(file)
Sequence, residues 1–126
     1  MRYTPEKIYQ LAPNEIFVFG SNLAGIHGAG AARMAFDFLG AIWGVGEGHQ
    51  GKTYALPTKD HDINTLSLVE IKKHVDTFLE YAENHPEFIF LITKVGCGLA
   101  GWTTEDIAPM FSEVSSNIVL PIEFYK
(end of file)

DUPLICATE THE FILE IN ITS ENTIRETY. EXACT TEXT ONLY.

Sequence, residues 1–126
     1  MRYTPEKIYQ LAPNEIFVFG SNLAGIHGAG AARMAFDFLG AIWGVGEGHQ
    51  GKTYALPTKD HDINTLSLVE IKKHVDTFLE YAENHPEFIF LITKVGCGLA
   101  GWTTEDIAPM FSEVSSNIVL PIEFYK